I’m a punk kid—-always have been and always will be. I may dress a little nicer and hide my tattoos a little better, but at my core, I still hold the punk rock ethos dear. It molded me in my formative years and proved the launching pad for which I got into other schools of music, art, and literature.
When I got into punk rock as a teenager, there was an unhealthy dose of hero worship that came along with it. I wanted to be just like all of the cats that I listened to on wax, particularly the 1977 ones: Joe Strummer, Johnny Thunders, James Chance, et al were my teachers, and I was an apt pupil. Aesthetically, musically, and, most importantly, philosophically, I tried to follow suit as best as I could. In hindsight, I missed a few key things.
For one, most of these guys either died tragically or withered away into anti-prolific obscurity. For two, it wasn’t 1977 and I wasn’t in New York or London, man. That didn’t matter though: I was for all intents and purposes an honorary member of that time and place, at least as far as I was concerned.
And I did an ok job at mimicry too. I had self-destruction down to a science, dressed appropriately, and even made some all right music*. In typical fashion** though, I missed the mark: I never got compared to Johnny Thunders or Joe Strummer or Sid Vicious***. I did, however, receive pretty regular comparisons to another legendary punk burnout, one that, at the time, I had no interest in as a person or an artist: GG Allin.
I think the GG comparisons started because of my rickety tattoos, silly mustache, and disgusting habits. I’m not really sure. While I didn’t dig the GG allusions too much then, I kind of do now. I mean, how fucked up do you have to be to get compared to that guy? Pretty fucked up, probably. And I read somewhere that he was mildly obsessed with Warren Zevon too, so there’s also that.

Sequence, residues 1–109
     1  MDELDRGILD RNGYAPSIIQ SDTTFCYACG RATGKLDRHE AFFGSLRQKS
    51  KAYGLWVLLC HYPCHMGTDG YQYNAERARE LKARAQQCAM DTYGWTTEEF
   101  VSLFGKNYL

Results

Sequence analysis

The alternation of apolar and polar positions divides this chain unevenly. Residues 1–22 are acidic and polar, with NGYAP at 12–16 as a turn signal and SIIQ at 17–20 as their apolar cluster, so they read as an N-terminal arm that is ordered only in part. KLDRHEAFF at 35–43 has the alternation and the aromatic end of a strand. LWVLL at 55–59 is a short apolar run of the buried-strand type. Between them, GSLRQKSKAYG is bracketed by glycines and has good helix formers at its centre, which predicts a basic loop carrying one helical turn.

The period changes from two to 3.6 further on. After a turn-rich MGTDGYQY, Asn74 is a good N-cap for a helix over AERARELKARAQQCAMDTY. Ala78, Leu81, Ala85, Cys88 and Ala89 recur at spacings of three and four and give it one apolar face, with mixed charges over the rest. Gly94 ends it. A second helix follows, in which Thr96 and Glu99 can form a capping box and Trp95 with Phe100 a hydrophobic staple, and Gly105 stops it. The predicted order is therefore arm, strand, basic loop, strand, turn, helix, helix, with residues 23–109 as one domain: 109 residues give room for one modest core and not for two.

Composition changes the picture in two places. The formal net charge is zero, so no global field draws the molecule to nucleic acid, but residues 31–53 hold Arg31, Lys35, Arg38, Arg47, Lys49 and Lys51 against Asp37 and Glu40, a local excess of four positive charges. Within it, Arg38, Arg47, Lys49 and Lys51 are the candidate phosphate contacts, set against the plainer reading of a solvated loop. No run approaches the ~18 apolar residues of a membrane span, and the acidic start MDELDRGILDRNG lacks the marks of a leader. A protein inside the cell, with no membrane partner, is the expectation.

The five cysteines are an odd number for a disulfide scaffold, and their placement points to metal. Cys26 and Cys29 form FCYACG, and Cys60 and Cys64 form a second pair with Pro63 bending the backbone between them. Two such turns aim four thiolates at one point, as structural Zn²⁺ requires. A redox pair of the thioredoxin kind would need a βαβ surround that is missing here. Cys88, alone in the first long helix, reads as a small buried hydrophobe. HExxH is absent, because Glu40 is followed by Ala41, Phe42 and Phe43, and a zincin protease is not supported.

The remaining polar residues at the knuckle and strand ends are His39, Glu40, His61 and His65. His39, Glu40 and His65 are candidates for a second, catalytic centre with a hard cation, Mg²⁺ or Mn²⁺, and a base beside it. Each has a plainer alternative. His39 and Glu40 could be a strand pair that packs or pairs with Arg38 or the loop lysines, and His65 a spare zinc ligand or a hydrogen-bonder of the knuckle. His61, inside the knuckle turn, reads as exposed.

But alas, hero worship is a young man’s game, and a losing endeavor at that. How the fuck can you measure up to some lofty idealized idol in your head that you’ve never actually met and is more the product of your projected fancy than any basis in reality? You can’t, but if you try hard enough, I assure you that you can convince yourself that you are. For a while, at least…
For the record, I still admire every figure in this poem a great deal. The only thing that’s really changed is that I’m more concerned with listening to their discography than living out their biography, dig? As for the bit about there being no such thing as a punk poet, I’ll leave that assessment up to the reader.
P.S. I composed this poem on a bus ride from the Oakland airport back to my sleephole on Apgar Street circa 2007. I rode a lot of busses in those days and did a lot of writing in transit. Most of it was utter rubbish, although I’m still rather fond of this one. This poem involves the following figures: Johnny Thunders, Richard Hell, Tom Verlaine, James Chance, Joe Strummer, Sid Vicious, Ian Curtis, Nancy Spungen, and Emilyn Brodsky.
*Read: endearingly novice.
***Despite the fact that my erstwhile Oakland girlfriend and I went as bloated Sid and Nancy one year—-too much drunkie business, not enough junkie business.
Spirit of ’77
I wanna move like Johnny—
here and there and everywhere,
with the thunder jetting down around—
there’s a little bit of heartbreaker
in this little boy.
I wanna watch it burn like Richard—
add a little of my own hell
to the smoldering mess
we’ve gladly gotten ourselves into,
just so I can deny it like Tom—
I wanna take chances like James—
with sharp, well-dressed abandon.
No wave too big to drown in.
I long to care like Strummer—
to conquer the world with a troubadour’s voice
and a roguish set of morals
you can’t help but envy and respect.
“Show me the way to the gutter,”
poet’s pen in hand,
princely placing my pauper’s tophat upon my head.
(Is it in Clash City? Is that in California?)
I guess I’ll live life my way,
or at least “my way” like Sid–
off-key, heroin sheik of the oft-killed heroes
and conquerors of boredom.
(Is my necktie on proper, Mr. Curtis?)
I got a girl like Nancy—
she fits my fancy,
but it ain’t nothin’ that weren’t there
Emilyn says there’s no such thing
as a punk poet.
Perhaps she’s right—
everybody knows we can’t read.